Coast Guard cautions late-season boaters

BOSTON – The Coast Guard is cautioning New England boaters, paddlers, sailors, fisherman and hunters to be mindful of the dangers of this season’s colder air and water temperatures.

The First Coast Guard District reported the loss of 58 recreational boaters and paddlers in the Northeast in 2007 and October, November, and December are the months with the highest percentages of fatal maritime accidents.

“The important thing for people on the water to do this time of year is fully assess the risks,” said Al Johnson, the recreational boating specialist for the First Coast Guard District, in Boston. “It is imperative to envision what can go wrong and be fully equipped and prepared to survive – planning, preparation and a positive attitude are essential.”

Johnson urges boaters to follow these safety rules:

* – Leave a float plan with a responsible individual who knows your intentions, location, and who they should call if you do not return as scheduled.
* – Wear a Coast Guard-approved life jacket and set the example for your passengers or paddling partners.
* – Carry a VHF radio and other reliable means of communication.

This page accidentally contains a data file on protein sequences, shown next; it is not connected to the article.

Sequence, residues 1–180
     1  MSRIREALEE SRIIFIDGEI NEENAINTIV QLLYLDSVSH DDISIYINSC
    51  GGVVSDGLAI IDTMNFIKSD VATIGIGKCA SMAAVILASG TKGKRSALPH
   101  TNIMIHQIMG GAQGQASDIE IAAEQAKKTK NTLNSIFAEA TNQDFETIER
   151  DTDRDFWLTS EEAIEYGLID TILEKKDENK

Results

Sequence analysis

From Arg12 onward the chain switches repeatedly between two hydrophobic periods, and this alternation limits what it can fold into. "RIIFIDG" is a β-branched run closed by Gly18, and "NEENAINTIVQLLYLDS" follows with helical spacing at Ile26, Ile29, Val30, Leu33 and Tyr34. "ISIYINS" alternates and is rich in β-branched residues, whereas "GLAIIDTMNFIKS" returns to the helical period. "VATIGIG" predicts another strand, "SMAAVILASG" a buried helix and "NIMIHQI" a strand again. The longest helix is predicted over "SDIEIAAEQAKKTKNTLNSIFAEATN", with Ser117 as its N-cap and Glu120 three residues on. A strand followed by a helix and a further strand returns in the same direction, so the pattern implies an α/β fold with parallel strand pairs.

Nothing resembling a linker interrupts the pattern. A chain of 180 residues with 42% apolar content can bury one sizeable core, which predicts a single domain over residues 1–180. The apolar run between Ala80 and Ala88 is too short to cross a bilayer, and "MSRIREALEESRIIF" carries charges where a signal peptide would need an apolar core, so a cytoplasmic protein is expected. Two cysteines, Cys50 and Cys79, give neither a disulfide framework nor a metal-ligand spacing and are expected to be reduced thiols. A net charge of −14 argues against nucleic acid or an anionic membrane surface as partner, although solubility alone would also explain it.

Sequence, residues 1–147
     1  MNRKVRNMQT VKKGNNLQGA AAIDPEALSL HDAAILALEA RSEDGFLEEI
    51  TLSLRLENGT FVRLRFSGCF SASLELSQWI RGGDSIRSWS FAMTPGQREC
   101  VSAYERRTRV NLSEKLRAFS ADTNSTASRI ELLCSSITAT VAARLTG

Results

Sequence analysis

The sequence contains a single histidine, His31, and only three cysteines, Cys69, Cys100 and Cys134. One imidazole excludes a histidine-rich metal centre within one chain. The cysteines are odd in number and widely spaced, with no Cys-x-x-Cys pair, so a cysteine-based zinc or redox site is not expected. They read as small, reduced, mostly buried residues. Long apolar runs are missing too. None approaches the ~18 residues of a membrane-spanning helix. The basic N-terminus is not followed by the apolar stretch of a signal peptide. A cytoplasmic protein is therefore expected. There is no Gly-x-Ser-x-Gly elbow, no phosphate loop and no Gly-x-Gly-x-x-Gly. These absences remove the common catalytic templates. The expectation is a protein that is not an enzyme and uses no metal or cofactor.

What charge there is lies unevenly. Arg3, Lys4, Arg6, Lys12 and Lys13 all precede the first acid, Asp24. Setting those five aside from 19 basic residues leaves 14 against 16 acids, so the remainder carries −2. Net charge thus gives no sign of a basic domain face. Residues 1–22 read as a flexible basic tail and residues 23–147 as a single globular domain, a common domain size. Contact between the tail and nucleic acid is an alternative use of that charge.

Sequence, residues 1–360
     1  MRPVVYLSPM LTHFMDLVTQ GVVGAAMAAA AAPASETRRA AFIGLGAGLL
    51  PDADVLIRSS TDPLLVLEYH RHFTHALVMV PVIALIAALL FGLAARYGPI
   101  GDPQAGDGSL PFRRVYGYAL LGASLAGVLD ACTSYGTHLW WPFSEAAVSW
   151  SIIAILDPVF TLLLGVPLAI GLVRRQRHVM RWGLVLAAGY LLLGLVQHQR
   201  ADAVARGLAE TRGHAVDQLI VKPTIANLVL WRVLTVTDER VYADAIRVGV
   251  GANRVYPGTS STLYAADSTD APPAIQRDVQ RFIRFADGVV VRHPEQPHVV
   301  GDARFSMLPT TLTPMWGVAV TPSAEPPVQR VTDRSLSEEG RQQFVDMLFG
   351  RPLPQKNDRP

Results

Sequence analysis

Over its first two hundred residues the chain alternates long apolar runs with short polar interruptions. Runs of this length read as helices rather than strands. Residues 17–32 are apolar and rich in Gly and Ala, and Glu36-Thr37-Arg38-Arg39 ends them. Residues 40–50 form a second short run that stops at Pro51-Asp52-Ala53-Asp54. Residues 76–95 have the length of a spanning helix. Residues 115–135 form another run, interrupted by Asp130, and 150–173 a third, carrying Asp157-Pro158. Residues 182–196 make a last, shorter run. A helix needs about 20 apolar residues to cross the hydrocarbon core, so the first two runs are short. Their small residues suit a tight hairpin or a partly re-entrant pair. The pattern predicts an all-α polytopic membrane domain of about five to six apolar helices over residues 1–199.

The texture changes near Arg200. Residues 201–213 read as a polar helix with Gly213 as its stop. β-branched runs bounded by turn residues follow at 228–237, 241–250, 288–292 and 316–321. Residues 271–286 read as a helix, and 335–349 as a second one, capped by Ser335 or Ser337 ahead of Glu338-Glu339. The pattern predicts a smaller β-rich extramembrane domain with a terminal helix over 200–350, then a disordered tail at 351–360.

* – Be prepared for the shock of sudden immersion and the disabling effects of cold water. Plan for the worst: dress as though you are going to get wet and be cold.
* – Maintain situational awareness on the water – be aware of activity around your vessel, including changing weather, and always know your location.
* – Be responsible – Know that alcohol and drugs cause accidents and sometimes death.

“Unfortunately as we enter October, we are on the same track as 2007 with 44 fatalities and only 1 person was wearing a life jacket,” said Johnson. “Wearing a life jacket tremendously improves your chances of survival.”

Johnson recommends that boaters and paddlers use the fall and winter season to take a boating safety course through their respective state, Coast Guard Auxiliary, or Power Squadrons, and recommends they research and understand the hazards of sudden immersion in cold water.

“I wish I could say it in gentler terms,” said Johnson, “but, plain and simple, cold water shocks, incapacitates and kills. Northern waters show no mercy to the innocent, unsuspecting or unprepared boater or paddler,” he said.

He said the Coast Guard wants people to go out and enjoy being on the water, but that they should only do so safely and responsibly.

If you have any problems viewing this article, please report it here.

Related Posts

Comments are closed.